This story starts with two men, both named Angel Ortiz.
Yes, a big mistake. It’s also exactly the type of error I highlighted in a recent post offering advice on how to avoid photo mix-ups.
This incident is made even more egregious because the paper published the story — with the wrong photo — on its front page. After being informed of the mistake, MetroWest Daily News removed the image from its website and published a correction in the next edition of the paper, on page two. (The online version of the article does not include the correction.)
The paper’s action’s did not satisfy the wrong Mr. Ortiz, who filed suit against the GateHouse Media publication February 1, according to a report by Framingham Patch.
His lawyer, David H. Rich, told the site, “The MetroWest Daily News published an inadequate, ineffective, unreasonable, meaningless and failed ‘correction’ in small type buried at the bottom of page 2.”
He also said the paper “failed to respond to or remedy in any meaningful or legally recognizable manner the damage it knew it had caused Mr. Ortiz.” From Framingham Patch:
Rich said he wrote a letter to The MetroWest Daily News Editor Richard Lodge on Dec. 16, demanding a front page retraction. Lodge responded the paper would run something the next day, Saturday, Dec. 17, according to Rich, and he told Rich the photo “immediately removed the photo from the website,” upon receipt of the letter.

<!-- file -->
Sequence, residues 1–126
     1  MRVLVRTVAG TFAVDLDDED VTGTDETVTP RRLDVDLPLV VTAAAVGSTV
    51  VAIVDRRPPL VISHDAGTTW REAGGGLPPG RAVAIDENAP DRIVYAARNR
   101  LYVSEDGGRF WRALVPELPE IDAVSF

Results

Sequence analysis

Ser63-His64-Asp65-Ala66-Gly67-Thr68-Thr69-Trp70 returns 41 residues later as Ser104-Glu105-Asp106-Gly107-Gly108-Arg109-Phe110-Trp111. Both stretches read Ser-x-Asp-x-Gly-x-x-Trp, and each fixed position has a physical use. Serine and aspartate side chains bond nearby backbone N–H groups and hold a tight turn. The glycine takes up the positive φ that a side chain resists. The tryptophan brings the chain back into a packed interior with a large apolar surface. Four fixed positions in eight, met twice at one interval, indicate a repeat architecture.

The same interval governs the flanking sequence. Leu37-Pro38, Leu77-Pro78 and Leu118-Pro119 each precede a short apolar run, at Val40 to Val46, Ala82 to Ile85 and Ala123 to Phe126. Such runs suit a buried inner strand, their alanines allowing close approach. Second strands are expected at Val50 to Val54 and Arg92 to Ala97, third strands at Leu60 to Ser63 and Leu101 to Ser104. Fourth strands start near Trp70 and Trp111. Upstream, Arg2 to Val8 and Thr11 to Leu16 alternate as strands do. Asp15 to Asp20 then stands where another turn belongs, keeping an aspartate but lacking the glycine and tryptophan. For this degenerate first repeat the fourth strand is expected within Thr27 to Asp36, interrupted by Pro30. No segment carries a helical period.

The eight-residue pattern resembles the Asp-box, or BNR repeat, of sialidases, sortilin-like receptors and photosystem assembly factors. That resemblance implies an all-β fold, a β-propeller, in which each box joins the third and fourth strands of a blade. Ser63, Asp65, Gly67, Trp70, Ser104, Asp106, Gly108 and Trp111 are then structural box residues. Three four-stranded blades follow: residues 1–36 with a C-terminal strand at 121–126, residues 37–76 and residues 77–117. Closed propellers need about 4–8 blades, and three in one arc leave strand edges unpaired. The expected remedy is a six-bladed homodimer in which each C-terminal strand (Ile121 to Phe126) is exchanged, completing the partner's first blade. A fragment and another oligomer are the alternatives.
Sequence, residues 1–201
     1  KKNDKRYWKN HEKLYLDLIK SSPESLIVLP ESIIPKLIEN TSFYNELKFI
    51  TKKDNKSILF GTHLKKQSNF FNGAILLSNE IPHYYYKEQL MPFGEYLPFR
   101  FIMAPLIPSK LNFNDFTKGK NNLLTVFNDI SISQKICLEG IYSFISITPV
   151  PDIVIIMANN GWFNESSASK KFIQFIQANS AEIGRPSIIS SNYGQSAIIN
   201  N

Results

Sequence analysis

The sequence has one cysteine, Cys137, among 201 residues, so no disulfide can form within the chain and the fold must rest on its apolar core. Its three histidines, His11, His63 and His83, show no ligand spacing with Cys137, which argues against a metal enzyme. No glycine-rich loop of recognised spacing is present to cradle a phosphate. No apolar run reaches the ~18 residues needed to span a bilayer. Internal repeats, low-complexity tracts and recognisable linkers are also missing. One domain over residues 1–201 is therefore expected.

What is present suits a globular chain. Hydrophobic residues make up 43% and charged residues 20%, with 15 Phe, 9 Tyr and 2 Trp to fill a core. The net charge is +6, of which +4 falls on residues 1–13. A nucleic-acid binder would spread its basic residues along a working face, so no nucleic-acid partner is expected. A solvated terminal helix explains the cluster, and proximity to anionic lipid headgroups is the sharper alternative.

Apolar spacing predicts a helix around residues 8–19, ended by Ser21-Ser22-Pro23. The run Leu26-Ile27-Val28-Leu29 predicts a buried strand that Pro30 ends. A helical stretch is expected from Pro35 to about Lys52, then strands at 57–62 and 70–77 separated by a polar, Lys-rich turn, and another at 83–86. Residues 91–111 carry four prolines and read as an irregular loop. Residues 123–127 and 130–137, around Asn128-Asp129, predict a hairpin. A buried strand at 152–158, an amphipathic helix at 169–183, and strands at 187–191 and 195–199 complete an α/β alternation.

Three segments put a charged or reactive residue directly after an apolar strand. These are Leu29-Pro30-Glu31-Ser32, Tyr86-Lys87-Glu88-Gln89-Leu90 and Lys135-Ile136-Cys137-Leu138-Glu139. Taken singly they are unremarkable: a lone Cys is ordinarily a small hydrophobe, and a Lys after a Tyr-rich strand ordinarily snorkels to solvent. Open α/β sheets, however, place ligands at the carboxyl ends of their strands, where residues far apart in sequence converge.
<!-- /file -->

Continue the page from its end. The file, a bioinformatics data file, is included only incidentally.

“The retraction ran on the bottom of page 2, with no photo,” said Rich.
Lodge, contacted by telephone, said the newspaper does not comment on pending litigation.
This lawsuit raises the issue of what the U.K.’s Press Complaints Commission calls “due prominence” — the idea that a correction should be given placement that is commensurate with the original error. Here’s the relevant passage from that body’s Editors’ Code:
A significant inaccuracy, misleading statement or distortion once recognised must be corrected, promptly and with due prominence, and – where appropriate – an apology published. In cases involving the Commission, prominence should be agreed with the PCC in advance.
One of the core elements of Ortiz’s suit is that the mistaken photo ran on the front page, but the correction was placed on page two.
Another issue raised in the action is that the paper failed to recognize that the photo it used was taken close to a year earlier in a different courthouse. Framingham Patch quotes from the filing that, “The MetroWest Daily News apparently located a photograph of the plantiff [sic] and published it without conducting any investigation whatsoever to confirm whether the Angel Ortiz referenced in the front page news article was the same Angel Ortiz identified in the photograph.”
It’s interesting to see a lawsuit that includes a focus on a news organization’s failure to perform proper verification, and to offer sufficient correction.